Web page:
On a seemingly ordinary day in a small, rural English village, every resident suddenly and mysteriously falls asleep for a single hour. Several months later, the women of the town become inexplicably pregnant, then birth eerily calm, clone-like blonde children. As strange phenomena and unexplained violent accidents build up around the pack of children, it becomes increasingly apparent that the kids are not all right. Gordon and Anthea Zellaby (George Sanders and Barbara Shelley) are our avatars in this tale of a town gone awry, both as investigators into the strange ways of these children, but also as parents of one of their leaders.
Why we love it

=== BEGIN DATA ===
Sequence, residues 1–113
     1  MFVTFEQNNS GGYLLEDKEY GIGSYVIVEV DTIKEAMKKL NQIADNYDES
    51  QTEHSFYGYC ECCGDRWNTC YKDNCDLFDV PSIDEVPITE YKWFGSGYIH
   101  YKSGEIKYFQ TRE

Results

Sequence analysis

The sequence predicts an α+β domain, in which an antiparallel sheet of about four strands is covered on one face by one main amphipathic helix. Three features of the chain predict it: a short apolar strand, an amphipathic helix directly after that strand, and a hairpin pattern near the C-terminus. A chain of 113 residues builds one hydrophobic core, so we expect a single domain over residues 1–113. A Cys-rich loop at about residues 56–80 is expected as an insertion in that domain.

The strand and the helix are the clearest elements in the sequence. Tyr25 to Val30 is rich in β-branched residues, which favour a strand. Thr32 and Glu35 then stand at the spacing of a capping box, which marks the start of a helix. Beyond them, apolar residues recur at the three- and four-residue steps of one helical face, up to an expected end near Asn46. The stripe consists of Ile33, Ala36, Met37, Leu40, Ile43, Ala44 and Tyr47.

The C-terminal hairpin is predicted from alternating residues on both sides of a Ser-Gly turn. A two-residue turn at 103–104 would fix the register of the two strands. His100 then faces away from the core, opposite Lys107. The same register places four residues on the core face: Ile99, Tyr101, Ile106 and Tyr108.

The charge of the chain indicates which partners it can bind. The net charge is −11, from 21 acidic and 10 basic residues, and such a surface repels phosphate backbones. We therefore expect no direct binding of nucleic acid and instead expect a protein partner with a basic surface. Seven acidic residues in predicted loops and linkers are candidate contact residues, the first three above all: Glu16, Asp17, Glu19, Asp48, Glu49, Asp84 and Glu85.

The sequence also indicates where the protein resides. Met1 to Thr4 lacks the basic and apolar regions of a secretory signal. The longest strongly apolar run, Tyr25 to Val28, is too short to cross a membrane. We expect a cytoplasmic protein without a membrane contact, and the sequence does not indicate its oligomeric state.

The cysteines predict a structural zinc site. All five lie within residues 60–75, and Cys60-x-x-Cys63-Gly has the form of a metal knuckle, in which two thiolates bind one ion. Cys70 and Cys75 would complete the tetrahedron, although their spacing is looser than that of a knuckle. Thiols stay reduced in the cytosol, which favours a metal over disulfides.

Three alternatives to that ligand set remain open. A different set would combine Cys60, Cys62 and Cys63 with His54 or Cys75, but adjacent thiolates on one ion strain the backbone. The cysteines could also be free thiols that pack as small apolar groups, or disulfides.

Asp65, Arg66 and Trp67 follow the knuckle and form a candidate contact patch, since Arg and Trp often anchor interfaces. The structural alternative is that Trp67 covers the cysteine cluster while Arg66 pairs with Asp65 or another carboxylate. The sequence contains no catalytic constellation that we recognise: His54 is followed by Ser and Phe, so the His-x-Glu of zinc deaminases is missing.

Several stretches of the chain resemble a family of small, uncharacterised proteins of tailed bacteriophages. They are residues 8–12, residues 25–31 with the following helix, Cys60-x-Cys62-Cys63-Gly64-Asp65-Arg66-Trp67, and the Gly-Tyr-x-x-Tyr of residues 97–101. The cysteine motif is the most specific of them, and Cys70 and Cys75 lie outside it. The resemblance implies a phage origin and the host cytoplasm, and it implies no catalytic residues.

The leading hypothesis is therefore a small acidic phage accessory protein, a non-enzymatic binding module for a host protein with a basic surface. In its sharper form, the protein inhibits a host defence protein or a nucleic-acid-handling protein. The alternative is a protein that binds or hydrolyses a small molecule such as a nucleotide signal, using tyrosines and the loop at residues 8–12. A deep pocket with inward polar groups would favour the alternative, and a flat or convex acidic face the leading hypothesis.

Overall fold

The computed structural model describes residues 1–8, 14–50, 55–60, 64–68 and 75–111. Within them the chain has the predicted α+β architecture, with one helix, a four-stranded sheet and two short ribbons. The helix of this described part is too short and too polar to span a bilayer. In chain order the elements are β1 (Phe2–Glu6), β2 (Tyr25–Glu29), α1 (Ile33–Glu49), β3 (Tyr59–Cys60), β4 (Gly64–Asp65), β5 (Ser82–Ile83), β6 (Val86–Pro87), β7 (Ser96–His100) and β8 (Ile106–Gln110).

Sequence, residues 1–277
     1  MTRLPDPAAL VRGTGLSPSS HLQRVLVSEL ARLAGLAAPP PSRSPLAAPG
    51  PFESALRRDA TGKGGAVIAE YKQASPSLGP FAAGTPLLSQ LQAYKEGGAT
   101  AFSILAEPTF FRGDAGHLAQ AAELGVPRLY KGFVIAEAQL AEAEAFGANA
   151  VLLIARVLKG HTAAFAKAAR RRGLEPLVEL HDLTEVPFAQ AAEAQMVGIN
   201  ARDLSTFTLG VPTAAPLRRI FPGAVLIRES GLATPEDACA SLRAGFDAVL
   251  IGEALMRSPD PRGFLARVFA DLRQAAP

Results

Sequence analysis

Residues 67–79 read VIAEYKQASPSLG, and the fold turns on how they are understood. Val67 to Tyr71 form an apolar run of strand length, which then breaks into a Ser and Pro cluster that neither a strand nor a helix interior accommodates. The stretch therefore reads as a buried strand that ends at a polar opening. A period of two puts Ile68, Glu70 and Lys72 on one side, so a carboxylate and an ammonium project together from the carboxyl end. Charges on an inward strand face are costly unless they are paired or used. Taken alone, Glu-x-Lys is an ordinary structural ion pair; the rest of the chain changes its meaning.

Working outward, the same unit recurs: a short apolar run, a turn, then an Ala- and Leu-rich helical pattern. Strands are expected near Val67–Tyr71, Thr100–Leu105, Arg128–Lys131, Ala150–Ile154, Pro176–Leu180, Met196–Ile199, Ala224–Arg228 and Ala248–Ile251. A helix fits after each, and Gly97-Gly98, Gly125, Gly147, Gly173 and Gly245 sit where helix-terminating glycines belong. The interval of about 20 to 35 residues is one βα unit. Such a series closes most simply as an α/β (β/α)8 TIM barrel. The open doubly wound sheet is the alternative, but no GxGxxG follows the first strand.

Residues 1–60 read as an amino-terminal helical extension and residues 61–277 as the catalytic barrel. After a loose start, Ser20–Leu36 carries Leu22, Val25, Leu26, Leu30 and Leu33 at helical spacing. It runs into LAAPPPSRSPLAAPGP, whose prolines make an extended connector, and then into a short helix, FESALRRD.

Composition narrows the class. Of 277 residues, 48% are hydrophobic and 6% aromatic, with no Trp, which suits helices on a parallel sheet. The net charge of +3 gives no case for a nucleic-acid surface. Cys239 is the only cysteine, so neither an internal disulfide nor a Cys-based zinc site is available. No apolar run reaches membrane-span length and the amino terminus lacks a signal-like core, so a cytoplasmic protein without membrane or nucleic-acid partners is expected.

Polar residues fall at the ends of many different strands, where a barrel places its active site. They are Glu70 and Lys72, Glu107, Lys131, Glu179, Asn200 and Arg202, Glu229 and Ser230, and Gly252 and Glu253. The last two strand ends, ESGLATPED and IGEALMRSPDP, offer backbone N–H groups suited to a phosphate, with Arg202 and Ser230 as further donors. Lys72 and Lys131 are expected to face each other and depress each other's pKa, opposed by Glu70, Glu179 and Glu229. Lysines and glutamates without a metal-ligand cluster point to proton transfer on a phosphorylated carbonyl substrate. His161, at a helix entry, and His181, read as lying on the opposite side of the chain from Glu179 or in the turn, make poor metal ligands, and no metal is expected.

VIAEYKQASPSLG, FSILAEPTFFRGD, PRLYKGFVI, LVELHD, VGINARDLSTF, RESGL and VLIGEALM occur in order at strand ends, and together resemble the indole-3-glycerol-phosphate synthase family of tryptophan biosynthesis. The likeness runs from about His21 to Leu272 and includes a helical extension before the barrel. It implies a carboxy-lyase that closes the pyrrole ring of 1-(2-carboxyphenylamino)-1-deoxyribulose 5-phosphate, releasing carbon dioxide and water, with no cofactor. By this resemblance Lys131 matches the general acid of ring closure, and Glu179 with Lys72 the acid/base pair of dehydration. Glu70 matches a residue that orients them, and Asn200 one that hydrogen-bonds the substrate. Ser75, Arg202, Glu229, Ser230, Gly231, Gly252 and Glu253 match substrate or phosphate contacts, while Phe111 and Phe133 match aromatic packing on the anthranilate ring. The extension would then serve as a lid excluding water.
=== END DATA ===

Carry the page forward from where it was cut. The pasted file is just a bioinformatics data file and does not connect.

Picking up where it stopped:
With elegantly precise cinematography and timing meticulous enough to please the unnervingly quiet children who inhabit the film, "Village of the Damned" practically invented the slow burn, fostering a subtly building tension that chills far more effectively than outright violence. The tone and pacing brilliantly reflect the idea of control and mental penetration, and a focus on the terse, sparse dialogue, creates a tight, claustrophobic feel. The performances of the children in the film are uncanny, and George Sanders gives a stunning and distinctly British turn as the suspicious professor. This timeless classic has inspired so many genre tropes, from the sharp, tense score to the bad seed child born evil that it remains a must-see for any fan of horror film. Please note: This classic shares a disc with "Children of the Damned", which is not Farr-approved.